9. The function minimization, Poisson solver, reconstruction of the basis functions, minimization of residual using an objective function based on the Lp norm, M estimator minimizing the residuals with (estimator), anisotropic weighting 9. The method of claim 8, realized by the assistance of at least one technique selected from the group comprising: applying a diffusion tensor, applying a regularization function, and combinations thereof .
  10.   The method according to claim 1, wherein the charged particle is an electron.
  11. A charged particle microscope scanning transmission:
    A sample holder for holding a sample,
    A charged particle source for generating a beam of charged particles,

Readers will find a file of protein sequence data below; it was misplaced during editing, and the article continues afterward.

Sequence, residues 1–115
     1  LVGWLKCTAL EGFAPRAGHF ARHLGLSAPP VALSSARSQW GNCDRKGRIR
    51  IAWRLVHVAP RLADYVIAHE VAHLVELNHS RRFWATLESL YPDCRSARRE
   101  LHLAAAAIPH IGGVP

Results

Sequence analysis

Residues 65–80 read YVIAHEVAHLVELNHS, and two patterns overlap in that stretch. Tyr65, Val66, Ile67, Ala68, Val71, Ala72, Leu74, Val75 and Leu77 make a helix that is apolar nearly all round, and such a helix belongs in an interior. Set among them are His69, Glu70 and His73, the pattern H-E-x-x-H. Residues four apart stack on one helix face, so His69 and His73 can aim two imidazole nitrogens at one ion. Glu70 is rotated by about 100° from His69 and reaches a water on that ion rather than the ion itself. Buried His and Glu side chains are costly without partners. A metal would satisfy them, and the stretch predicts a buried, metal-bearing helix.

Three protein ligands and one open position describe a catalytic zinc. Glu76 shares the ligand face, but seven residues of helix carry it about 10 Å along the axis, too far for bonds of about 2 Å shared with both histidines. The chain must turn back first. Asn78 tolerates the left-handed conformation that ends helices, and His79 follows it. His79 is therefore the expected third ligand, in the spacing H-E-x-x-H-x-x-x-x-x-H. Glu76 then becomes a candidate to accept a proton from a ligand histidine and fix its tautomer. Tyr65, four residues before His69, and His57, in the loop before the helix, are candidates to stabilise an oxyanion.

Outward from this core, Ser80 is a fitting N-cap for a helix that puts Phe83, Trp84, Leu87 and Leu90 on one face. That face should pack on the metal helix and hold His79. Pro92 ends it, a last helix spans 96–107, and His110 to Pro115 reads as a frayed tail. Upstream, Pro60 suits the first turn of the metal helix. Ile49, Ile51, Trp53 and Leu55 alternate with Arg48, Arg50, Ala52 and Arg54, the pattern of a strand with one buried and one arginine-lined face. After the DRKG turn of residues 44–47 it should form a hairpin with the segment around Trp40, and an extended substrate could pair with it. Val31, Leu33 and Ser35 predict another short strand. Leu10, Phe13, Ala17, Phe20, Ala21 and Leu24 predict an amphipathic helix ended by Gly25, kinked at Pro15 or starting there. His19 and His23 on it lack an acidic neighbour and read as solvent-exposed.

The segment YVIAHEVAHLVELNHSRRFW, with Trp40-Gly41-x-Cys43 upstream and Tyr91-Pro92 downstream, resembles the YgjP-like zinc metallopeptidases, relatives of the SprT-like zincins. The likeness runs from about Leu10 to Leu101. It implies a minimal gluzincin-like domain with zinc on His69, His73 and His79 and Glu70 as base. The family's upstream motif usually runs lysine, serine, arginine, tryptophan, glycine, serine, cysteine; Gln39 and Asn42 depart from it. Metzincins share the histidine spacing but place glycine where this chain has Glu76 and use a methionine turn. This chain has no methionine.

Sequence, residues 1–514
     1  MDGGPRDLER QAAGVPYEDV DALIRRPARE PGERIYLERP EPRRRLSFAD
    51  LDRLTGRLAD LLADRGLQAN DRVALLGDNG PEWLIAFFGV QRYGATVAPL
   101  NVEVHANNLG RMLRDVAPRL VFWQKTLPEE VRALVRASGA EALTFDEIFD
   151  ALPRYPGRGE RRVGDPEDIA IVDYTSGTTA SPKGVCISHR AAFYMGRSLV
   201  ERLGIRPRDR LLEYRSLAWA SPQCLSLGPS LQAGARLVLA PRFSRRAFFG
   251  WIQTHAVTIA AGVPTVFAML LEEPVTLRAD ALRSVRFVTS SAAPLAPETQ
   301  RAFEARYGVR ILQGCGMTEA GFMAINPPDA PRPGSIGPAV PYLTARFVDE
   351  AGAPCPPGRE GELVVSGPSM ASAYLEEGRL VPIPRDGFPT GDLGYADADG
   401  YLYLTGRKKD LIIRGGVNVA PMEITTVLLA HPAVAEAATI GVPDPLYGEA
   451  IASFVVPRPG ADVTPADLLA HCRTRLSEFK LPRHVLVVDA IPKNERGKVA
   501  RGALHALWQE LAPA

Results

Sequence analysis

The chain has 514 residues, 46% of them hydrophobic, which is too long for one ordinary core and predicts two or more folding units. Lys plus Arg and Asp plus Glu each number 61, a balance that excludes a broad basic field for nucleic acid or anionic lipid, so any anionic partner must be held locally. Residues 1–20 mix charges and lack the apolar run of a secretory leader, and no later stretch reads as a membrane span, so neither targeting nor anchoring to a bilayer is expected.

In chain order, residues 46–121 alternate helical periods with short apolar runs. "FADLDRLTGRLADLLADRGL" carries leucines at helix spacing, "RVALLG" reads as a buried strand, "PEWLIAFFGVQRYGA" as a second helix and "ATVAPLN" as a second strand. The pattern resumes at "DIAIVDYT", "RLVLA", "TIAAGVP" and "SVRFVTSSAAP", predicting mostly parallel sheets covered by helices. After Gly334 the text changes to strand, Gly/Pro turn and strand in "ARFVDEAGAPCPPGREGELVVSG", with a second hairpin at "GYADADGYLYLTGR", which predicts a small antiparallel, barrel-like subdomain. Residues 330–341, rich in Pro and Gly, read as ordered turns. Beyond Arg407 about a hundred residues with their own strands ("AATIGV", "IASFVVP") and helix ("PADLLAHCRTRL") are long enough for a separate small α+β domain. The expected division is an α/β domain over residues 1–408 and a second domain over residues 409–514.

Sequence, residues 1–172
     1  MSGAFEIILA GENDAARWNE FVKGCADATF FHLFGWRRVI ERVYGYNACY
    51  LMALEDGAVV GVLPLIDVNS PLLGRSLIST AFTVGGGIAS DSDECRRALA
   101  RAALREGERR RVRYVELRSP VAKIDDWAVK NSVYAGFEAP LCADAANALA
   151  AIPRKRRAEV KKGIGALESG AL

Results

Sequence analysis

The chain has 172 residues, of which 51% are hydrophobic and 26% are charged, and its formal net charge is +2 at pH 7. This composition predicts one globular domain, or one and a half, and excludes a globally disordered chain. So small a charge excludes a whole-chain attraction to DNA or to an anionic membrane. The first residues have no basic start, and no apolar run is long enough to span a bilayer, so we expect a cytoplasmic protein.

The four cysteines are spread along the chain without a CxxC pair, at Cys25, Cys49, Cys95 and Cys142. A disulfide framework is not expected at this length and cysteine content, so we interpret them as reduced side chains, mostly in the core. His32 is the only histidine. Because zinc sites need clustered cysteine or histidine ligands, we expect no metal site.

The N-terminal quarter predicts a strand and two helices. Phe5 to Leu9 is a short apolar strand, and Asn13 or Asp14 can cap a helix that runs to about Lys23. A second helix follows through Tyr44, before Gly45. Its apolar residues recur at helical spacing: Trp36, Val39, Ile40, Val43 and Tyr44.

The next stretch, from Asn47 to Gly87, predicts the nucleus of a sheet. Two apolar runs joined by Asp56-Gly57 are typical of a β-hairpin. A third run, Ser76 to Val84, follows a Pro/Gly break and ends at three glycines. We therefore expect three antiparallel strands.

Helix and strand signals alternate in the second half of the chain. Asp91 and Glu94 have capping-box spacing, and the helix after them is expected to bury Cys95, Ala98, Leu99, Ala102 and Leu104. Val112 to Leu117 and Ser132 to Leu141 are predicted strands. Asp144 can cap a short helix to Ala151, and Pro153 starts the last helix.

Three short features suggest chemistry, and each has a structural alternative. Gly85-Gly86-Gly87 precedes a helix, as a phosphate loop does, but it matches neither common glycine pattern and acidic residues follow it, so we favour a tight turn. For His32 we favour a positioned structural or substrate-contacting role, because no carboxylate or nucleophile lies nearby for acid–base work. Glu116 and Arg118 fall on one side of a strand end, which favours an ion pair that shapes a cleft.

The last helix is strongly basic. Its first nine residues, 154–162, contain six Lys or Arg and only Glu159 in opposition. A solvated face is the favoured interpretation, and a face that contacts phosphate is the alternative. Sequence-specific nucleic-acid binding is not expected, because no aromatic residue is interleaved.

And irradiated the specimen induces the beam to be irradiated,
    A detector for detecting the beam of charged particles traversing the sample in response to the irradiation, a detector that is configured to have a plurality of detection segments,
    Scanning means for scanning the beam with respect to the surface of the sample ;
    As a function of scan position, by recording the output of said detector, and a control unit for storing a charged particle image of the sample,
    Have
    The controller is
    Combine the signals from different segments of the detector to generate a vector output from the detector at each scan position, to obtain a vector field in putting together the data Rutotomoni,
    Ri by the applying two-dimensional integration operation on the vector field, mathematically processing the vector field, thereby generating an integrated vector field image is a scalar field,
    Configured to perform additional operations that, scanning transmission of the charged particle microscope.